Process of Talaq: This survey, has accumulated data from 331 divorces or talaqs (qula) from both women and men respondents. Of these just about one quarter of divorces have occurred through the intervention of religious institutions such as the quazi and darul kaza. Only one or 0.3% reported ‘Oral Instant Triple Talaq’ in One Go. A large 36.2 percent occurred in front of Elders and Family members when the Man pronounced talaq Once a Month over 3 months; followed by 21.1% through Courts & Notice and lastly 17 per cent occurred in presence of NGO/Police Station/Panchayats.
There is ample evidence to suggest that securing talaq amongst the Muslims must follow a process from out of multiple options; and ‘triple talaq in one go’ is not one of them.
Further, out of 331instances the husband has initiated talaq in 134 cases and woman herself has sought qula in case of 126 instances. In case of 54 other talaqs the parents of the women initiated and accomplished woman’s qula or talaq. Note, out of 331 talaqs only one instance has been reported as a clear case of Triple Talaq in one Go reported by a female respondent.
Security and Sustenance of Talaq Women and Children
On an average the divorced individuals have 0.7 child. However, 23 per cent of all reported talaqees did not have a surviving child, 47 per cent reported one child and 22 percent have 3+ children.
Maintenance: A high of 83 per cent of 134 men talaqees have reported providing maintenance during Iddat period; yet 83 per cent of women talaqees reported husbands not paying maintenance for their Children. The issue of children’s maintenance can be gauged from residential place where they live after the parents have executed talaaq. Out of 331 talaqes in case 43 percent the children have stayed with mother, followed by 8 per cent with maternal grand-parents, the rest live with various other relatives excluding the father himself. Only 5.4 percent of children resided with father after talaq. This data suggests that women and children indeed are at economic and social risk after talaq.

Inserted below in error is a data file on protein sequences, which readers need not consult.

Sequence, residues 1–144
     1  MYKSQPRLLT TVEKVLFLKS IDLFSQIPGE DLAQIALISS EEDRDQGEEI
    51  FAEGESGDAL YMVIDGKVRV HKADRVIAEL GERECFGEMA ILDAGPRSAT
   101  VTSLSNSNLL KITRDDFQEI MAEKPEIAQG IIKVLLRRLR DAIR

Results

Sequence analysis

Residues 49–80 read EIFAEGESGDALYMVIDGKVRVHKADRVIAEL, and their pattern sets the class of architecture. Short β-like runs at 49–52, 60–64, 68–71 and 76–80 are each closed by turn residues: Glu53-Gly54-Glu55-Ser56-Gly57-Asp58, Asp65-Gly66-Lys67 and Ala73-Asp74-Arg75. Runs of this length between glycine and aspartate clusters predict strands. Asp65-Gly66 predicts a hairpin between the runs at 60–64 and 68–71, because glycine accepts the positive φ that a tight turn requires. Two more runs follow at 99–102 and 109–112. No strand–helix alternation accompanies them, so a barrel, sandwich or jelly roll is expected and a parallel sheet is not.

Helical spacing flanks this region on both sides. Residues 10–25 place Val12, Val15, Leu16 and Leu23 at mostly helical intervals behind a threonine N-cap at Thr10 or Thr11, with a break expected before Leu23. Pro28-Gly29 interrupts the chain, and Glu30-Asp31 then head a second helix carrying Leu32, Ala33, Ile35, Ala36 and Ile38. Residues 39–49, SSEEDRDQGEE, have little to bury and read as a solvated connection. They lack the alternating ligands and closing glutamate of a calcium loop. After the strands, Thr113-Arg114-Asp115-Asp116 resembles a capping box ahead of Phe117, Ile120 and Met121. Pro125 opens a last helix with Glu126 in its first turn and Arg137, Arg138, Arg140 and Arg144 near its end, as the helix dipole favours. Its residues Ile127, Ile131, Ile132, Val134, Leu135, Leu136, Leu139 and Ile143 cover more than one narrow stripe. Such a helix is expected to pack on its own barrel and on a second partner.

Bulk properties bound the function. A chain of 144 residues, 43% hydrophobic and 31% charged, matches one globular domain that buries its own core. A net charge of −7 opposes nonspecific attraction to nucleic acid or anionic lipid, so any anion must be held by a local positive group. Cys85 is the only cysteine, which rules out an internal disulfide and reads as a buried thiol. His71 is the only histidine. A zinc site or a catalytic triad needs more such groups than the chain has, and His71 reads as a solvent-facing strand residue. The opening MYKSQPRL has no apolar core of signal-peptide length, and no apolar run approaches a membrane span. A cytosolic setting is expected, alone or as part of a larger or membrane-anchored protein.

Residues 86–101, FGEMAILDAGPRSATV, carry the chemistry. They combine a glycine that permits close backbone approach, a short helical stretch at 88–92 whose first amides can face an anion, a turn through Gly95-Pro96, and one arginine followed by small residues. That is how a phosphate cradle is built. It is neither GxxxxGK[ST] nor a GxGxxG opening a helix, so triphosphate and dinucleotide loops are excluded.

Remarriage: The essential information emerging from this survey and analysis is that 78 per cent of women re-marry after talaq. This appear to be the most important aspect of security of women after talaq. Note that this also can be attributed as one of the greatest gift of Islam to women; the opportunity to re-marry is either non-existent or it is only done under sly amongst the larger Hindu sections of the Indian society.
Reasons for Talaq: The parents and relative of the husband are the instigators in case of 13.3 percent of talaq. However, the second highest reason of 8.4 per cent for talaq is that the woman’s parents were unable to fulfill the dowry demands. Yet 7 per cent of the talaqs are triggered due to women not bearing a child since marriage; and another 3 per cent due to that fact that the woman bore only a girl child. Further, 8 per cent of talaqs were effected due to the husband taking up liking with other women and had an affair with her. 4.4 per cent of talaqees reported effecting a talaq due to sexual incompatibility. Only 0.4 per cent of talaq has occurred at the spur of the moment which can be termed as a case of Triple Talaq.
Process of Talaq (divorce) is clearly laid down in the Holy Quran; which is against triple talaq. The triple talaq was an exception rather than a rule under special circumstance. Divorce is not a whim, both men and women are required to follow a process; - three months (or three menstrual cycles) after separation and reconciliation effort fails. The wisdom is twofold; if the woman can bear a child, the system wants to ensure that she is not pregnant and if she were, child support has to be figured in. The other reason is to allow each other to find a place to live and not get thrown on the street. Further, arbitrators should be appointed, one from husband’s family and the other from wife’s for a transparent reconciliation; and that the parties even have the right to retract and sustain the marriage during the period of separation.